Watching From Afar
By KEITH BRADSHER
TAIPEI, Taiwan — Long before Jeremy Lin began winning games in spectacular style for the Knicks, his Taiwanese grandmother, Lin Chu A Muen, came to the United States to look after him as a young child while his parents worked. She diapered and fed him and, as he grew up, cooked big batches of fried rice with dried turnips and egg, a Taiwanese favorite.
On Wednesday night, Lin Chu, now 85, went to a sports restaurant to watch a delayed broadcast of her grandson’s latest heroics, a last-second shot against the Toronto Raptors that propelled the Knicks to their sixth straight victory since he emerged out of nowhere and took charge of the team.
Lin Chu’s face lighted up every time her grandson came on the screen. But each time he fell or was knocked down or elbowed by the Raptors, who played a pugnacious, battering defense against him, her face froze.
“I don’t know too much about basketball, but this is not how it should be done — why do they do it?” she said with dismay. “I know nothing about basketball. I only know when Jeremy puts the ball in the basket he has done a good thing.”
Much of Taiwan has been watching Lin’s extraordinary performance over the last week and a half with almost as much emotion as Lin Chu and perhaps with more knowledge of the sport. Newspapers and magazines have almost monotonously similar front pages with photographs of Lin. Offices go quiet each morning when Lin plays in night games on the other side of the world, as workers try to follow the court action without being heard by their colleagues.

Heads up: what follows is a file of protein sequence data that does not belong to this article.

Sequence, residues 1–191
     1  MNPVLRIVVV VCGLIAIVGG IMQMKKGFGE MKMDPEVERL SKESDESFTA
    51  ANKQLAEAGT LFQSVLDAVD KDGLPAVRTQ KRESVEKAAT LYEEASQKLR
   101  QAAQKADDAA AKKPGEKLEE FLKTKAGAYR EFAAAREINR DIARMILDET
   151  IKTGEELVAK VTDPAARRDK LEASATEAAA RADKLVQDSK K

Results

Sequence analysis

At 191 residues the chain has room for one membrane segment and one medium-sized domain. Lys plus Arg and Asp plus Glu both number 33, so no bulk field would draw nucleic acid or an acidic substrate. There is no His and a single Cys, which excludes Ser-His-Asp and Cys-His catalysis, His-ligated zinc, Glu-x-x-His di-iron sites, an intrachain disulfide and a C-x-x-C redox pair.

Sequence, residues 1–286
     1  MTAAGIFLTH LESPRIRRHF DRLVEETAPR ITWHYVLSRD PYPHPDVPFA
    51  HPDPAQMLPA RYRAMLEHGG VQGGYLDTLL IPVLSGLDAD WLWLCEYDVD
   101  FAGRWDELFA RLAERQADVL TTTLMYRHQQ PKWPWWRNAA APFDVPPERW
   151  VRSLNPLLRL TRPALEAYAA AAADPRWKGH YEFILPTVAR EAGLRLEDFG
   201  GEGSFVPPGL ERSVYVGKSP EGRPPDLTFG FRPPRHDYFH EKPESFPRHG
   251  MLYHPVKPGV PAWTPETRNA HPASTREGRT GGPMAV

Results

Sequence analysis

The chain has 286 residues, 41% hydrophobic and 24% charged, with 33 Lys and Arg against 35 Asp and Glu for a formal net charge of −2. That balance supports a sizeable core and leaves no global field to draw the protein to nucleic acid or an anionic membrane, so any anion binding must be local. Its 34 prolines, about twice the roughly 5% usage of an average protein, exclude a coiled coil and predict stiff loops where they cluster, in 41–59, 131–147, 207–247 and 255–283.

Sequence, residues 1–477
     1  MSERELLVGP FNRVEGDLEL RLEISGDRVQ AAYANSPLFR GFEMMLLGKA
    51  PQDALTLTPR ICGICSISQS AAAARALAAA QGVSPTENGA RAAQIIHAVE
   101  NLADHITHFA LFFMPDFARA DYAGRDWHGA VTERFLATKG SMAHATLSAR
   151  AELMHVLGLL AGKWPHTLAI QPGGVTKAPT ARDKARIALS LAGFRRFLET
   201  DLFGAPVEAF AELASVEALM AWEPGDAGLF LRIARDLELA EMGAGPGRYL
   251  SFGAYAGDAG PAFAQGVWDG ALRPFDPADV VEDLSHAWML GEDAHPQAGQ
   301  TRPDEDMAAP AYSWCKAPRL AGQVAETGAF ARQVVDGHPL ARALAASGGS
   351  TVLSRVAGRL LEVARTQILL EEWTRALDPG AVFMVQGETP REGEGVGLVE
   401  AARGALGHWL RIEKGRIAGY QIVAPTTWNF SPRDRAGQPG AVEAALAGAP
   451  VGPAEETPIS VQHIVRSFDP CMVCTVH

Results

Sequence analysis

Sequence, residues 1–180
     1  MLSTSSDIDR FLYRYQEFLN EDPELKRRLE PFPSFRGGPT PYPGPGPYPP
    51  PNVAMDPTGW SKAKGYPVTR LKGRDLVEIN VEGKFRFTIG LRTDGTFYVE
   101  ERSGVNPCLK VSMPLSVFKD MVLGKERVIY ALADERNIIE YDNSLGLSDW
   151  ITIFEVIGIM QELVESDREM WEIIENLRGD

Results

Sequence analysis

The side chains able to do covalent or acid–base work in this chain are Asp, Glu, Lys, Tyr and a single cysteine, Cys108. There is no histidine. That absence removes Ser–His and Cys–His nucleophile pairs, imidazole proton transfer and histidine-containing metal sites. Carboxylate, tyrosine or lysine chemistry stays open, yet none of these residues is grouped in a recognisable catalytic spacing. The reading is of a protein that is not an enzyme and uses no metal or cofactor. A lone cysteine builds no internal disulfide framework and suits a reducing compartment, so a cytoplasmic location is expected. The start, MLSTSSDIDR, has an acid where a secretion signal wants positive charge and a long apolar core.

Lin Chi Chung, Jeremy Lin’s 63-year-old uncle, said he kept working at his job as a warehouse manager Wednesday morning as the Knicks-Raptors game was being played, knowing he would watch it that night. But almost none of the other 60 people at the warehouse showed the same discipline.
“All the senior managers at my office and all the sales managers immediately updated me — they all had iPads they were watching,” he said.
Politicians are also paying attention. Taiwan’s democracy is famously fractious, not just between the ruling Nationalist Party and the opposition Democratic Progressive Party, but among factions within each group. But on Lin, they are united. And Taiwan’s president, Ma Ying-jeou, caused some amusement this week by wishing that his cabinet showed the same team spirit as Lin did.
Lin Chu said her grandson had always been a mild-mannered boy who shared his possessions with others, and indeed Lin is drawing plaudits for doing exactly what a smart, and poised, point guard should — passing the ball to teammates when they are in a position to score.
While the Taiwanese news media have breathlessly suggested that Lin Chu taught basketball to her grandson, she emphatically denied this.
“My son, when he came home from work, would always take the kids to play basketball,” she said. “He took Jeremy to the basketball courts as soon as he could walk.”
The hunger of the Taiwanese news media for every detail of Jeremy Lin’s life has proved a problem for his grandmother and uncle, who live together. So many reporters and photographers camped outside their home in the Taipei suburbs that they briefly fled last weekend to their ancestral village, Beidou, in south-central Taiwan, only to be pursued there by reporters.